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Am I Too Old for Leeds Fest?

What once was a rock festival, has it now become a GCSE celebration? In recent years, Leeds Festival has seemed like a teenage standdown, a proof of being more mature, older, and adult. Growing up just over an hour away from Leeds Fest site, I spent teenage years anticipating my escape from my parents’ clutches and doing some classic English drinking in a field – but with louder music and a couple thousand more people than the local park. Braham Park contained all the hopes and dreams of nearly every Northern 16-year-old, and still does. There’s magic in that first festival experience and for many, at their first glimpse of an unsupervised weekend, they go a bit mental.

I’m now 20, and somehow feel younger than I did the first time I packed wellies & a 12 pack of ciders for Leeds Fest. Even at my age now though, how can I feel too old to go? Maybe it’s the envy I feel for my little sister making her own Leeds Fest debut, excitedly planning outfits, and getting her first shitty pop-up (although in my mind she’s perpetually 12).


Despite reminiscing on just the festival atmosphere, the line-up for Leeds Fest 2024 is genuinely good. It feels like organisers might be trying to steer away from this younger demographic, probably due to the general rioting, fighting and looting situation that’s accompanied general camping in recent years. After watching fire engines travelling up and down the site on the Sunday of the 2021 weekend was reminiscent of watching the Woodstock ‘99 documentary.


In the last two years, I witnessed younger teens setting off aerosol explosions and having airbed wars which escalated into full on fist fights, which made the festival feel like it had a different edge. The element of anger and array of uncontrollable emotions that possess the post-covid kids demonstrate that they think with post-lockdown freedom comes a complete lack of respect. With rising prices of alcohol, drugs are becoming an increasingly attractive alternative. Notorious rumours have always spread of ice cream vans selling cocaine to minors and insiders reporting that gate security keep hold of confiscated materials for the end of weekend staff party.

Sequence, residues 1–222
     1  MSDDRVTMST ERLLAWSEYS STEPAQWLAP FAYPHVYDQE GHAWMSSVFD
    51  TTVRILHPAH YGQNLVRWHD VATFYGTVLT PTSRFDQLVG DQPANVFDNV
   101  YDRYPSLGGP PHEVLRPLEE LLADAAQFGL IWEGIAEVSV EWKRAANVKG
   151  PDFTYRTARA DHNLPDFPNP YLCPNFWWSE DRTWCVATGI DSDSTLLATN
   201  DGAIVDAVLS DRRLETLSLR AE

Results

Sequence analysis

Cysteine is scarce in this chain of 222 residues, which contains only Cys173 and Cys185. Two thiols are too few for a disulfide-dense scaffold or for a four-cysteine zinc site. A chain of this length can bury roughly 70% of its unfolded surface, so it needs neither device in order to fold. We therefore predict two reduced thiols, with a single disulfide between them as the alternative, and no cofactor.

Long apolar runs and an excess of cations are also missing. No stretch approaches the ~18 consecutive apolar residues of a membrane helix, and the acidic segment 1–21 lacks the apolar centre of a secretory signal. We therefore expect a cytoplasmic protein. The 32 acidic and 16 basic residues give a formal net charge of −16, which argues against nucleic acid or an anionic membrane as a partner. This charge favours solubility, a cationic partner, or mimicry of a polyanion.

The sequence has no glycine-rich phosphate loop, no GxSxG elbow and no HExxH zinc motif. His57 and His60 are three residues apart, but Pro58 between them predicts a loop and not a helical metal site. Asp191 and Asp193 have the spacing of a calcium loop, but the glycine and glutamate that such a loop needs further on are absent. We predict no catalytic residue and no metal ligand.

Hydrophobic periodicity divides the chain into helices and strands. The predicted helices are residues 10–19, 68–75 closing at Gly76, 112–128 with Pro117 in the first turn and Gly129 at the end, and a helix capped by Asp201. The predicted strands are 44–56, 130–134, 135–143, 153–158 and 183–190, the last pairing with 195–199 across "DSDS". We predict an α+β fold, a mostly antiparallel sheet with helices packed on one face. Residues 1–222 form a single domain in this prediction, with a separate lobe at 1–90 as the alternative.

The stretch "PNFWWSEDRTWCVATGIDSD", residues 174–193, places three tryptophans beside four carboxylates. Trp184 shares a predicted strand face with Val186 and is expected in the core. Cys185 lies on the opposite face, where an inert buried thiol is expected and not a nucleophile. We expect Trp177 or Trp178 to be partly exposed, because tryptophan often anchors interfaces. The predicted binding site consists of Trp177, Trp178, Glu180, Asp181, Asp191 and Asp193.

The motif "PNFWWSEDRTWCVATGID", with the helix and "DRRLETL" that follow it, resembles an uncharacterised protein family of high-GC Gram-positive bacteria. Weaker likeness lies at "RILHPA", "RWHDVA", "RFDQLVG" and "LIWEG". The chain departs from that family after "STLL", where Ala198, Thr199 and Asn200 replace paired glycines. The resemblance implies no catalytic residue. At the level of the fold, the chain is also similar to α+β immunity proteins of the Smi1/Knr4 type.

For this year’s initiation of teens making the pilgrimage, it isn’t surprising that after Covid they’re gagging to get out and cause the sort of carnage they could never get away with in small towns without being recognised by every neighbour and dad’s mate from work. There’s a sense of anonymity in the late-night masses of people and identical tents that allows for these kids to push any boundary they knew to exist. This means older fans, even just a couple years older, are being put off and pushed away by the weed bucket hat wearing and mosh pitting to Becky Hill crowds that swarm the festival each year.


However, 2024 holds some hope with artists such as The Prodigy, Lana Del Rey, and blink-182, appealing to an older audience. The revival of Catfish and The Bottlemen is drawing in every indie-kid of 2017 that worshipped the ground Van Mccan walked, and after swearing to never go back to Leeds Fest, I’m willing to give it another go. The addition of heavier artists such as Fontaines DC, Viagra Boys & Crawlers, instead of the recurring TikTok/influencer artists that have filled up the tents in the past years is a real pull. There’s genuine talent included on the bright yellow poster this year.


Perhaps we can leave the Molotov cocktail of nylon tents and clipper lighters behind and enjoy it!


Words by Millie Cain she/her

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